Read These Books (So That I Don't Have to)

The cover of Scott Heim's new novel, We Disappear, has been created, and it's beautiful and haunting, don't you think? Since the book is not released until next year, this gives me plenty of time to mentally prepare myself for the idea of reading his novel. I think I owe it to Scott to at least think about it since, when we take road trips, he is the Thelma to my Louise (or is it the other way around?). And, indeed, the last novel I read (and finished) was Scott's Mysterious Skin, and that was 12 years ago.

In the interim, I've devoured tons of new age self-help books, some sociological non-fiction, true accounts of alien encounters, various magazines, and The Ralph Wiggum Book. Nowadays, it's mostly just metaphysical texts channeled by disembodied entities.

The thing about novels is this. When I return to them after putting them down, I have forgotten much of what happened in previous chapters. So reading a new chapter becomes less of a pleasurable experience and a process of discovery and more of a struggle to remember all the details and characters that I forgot. With non-fiction books, I can pick them up and get right into them because, generally, they don't require you to assimilate all the information as a whole for them to have resonance.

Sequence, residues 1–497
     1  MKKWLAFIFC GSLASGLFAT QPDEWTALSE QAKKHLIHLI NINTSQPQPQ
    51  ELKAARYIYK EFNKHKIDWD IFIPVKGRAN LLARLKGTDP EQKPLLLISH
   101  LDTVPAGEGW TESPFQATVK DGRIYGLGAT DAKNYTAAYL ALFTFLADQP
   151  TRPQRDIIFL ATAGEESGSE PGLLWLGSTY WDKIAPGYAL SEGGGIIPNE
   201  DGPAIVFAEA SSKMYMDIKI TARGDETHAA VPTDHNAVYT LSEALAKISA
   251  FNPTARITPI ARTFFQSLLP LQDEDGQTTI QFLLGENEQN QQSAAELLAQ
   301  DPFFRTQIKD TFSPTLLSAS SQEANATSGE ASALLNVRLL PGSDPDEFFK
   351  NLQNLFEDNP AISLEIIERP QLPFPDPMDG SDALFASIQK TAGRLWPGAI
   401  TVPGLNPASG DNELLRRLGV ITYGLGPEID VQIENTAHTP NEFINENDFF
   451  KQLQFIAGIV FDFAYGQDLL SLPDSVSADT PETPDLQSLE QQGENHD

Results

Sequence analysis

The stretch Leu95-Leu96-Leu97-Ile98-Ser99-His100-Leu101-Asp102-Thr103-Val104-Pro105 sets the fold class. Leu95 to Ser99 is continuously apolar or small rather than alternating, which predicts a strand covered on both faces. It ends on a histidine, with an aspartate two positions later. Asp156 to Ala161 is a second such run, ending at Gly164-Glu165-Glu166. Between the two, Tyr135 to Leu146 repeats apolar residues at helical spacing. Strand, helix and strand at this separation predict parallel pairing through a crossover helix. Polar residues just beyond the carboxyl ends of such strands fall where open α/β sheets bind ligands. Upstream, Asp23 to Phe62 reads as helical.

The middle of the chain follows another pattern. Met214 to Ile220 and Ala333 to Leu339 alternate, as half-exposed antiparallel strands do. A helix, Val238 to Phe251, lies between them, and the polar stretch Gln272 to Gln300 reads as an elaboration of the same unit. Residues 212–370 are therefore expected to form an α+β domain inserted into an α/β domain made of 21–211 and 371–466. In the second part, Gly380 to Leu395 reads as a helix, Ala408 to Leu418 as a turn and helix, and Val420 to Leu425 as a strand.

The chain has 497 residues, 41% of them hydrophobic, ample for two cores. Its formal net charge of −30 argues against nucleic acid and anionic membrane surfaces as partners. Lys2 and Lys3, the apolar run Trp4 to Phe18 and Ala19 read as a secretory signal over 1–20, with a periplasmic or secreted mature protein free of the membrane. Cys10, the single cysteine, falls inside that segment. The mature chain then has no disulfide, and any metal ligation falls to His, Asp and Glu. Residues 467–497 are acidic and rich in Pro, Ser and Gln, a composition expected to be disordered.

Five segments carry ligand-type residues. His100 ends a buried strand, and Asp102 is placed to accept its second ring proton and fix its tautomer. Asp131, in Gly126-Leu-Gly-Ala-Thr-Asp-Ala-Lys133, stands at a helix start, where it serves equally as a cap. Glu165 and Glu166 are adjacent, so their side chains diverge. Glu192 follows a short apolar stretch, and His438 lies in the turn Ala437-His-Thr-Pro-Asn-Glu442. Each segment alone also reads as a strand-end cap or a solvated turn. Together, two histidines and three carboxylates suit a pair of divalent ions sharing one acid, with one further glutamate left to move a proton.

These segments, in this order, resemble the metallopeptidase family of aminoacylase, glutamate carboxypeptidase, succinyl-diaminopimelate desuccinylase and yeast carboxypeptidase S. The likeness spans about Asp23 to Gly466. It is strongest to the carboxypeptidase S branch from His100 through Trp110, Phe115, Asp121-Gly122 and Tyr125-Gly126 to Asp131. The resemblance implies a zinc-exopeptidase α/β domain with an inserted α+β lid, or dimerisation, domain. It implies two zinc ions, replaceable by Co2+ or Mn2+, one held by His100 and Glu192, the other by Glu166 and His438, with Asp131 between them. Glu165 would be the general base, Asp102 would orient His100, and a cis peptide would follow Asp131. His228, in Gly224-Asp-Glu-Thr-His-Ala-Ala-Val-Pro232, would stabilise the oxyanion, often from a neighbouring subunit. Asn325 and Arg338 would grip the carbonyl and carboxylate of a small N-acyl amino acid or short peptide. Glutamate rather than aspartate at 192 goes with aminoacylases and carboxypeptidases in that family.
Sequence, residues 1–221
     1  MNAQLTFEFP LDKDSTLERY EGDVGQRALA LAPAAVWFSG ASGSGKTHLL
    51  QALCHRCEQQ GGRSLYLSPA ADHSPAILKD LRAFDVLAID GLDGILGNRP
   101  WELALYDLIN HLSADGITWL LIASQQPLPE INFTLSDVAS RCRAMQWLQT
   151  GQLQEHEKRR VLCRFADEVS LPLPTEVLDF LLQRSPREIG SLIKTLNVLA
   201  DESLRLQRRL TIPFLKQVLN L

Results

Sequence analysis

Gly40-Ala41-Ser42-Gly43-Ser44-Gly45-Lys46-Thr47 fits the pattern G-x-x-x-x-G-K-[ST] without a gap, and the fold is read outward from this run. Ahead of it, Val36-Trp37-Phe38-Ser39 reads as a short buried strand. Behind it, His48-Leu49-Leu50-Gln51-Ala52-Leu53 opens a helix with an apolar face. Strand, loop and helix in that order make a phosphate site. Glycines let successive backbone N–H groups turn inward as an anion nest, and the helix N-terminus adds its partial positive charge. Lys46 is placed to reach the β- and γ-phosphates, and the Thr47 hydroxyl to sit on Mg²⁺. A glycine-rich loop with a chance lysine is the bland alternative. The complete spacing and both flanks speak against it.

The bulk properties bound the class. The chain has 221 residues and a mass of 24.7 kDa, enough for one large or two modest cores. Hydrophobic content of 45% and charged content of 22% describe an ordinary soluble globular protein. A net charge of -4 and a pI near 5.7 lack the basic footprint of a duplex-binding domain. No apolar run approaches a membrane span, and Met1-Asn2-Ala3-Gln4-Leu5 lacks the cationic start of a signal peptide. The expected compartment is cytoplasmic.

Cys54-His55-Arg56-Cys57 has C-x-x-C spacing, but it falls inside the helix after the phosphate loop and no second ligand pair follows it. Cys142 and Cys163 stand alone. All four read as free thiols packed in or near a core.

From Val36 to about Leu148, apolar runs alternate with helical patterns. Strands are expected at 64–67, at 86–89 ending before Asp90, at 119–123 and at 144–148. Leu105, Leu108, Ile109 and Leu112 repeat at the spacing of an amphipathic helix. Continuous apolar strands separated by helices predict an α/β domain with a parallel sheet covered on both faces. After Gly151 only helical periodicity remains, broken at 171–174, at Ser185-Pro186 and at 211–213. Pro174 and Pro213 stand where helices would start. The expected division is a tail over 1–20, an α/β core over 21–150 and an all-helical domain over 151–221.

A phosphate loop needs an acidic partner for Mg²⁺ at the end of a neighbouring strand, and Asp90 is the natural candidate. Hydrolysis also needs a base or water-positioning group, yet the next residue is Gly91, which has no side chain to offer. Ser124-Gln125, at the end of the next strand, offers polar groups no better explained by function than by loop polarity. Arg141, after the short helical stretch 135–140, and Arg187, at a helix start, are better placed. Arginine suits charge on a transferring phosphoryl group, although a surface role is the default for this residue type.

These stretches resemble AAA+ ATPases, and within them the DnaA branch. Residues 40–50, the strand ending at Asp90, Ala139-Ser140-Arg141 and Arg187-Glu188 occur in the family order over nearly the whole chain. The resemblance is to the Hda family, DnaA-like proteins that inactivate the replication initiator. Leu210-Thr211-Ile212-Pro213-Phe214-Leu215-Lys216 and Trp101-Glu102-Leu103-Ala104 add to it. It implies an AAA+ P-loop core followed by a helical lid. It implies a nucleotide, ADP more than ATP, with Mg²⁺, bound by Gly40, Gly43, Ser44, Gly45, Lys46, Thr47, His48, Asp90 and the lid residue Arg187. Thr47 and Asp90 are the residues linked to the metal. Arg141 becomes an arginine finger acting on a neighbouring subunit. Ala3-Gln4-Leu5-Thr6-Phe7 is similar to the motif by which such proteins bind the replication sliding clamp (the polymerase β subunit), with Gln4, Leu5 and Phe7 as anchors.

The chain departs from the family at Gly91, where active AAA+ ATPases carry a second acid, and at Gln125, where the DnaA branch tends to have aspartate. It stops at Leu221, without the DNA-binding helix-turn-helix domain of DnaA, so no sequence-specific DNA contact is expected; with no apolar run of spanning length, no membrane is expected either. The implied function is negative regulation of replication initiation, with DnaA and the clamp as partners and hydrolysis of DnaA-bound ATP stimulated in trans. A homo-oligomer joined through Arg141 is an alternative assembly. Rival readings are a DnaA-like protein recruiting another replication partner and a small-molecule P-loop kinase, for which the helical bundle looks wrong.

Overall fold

Talking about Scott's new book, of course, begs the question of reading all the novels written by my other friends. Said novels are stacked on my floor right now. Among them are Noel Alumit's Talking to the Moon, Michael Lowenthal's Charity Girl, and John McNally's The Book of Ralph (not to be confused with The Ralph Wiggum Book). Let me tell you why you should read them.

Noel Alumit has won a shitload of awards for his novels, so his fiction must be worth reading. He is also a generous figure in the literary community—bringing people together, regularly showing up to events, etc. His new novel, Talking to the Moon, is crime fiction crossed with Filipino family melodrama. Even James Ellroy (L.A. Confidential, The Black Dahlia) loves it. I saw Noel read from the beginning pages of Talking to the Moon at a book launch, and his writing is inviting and urgent. Often, Noel tries to call me up in the middle of the night to read me chapters of his book, and I scream, "Leave me alone, you dirty Filipino whore," and hang up.

Michael Lowenthal is smarter than I am, and you know that means a lot that I would actually admit to that in a public forum. He's one of those intellectual types who trades the typical literary snobbery for sharp wit and clever self-awareness. His third novel, Charity Girl, explores a little-known chapter in American history. During World War I, 15,000 young women were incarcerated and quarantined by the U.S. government because they were found to have venereal diseases. The modern-day parallels are obvious, but the obscurity of the story is chilling. I saw him read from the book, and his writing is very vivid, demonstrating an expert sense of time and place.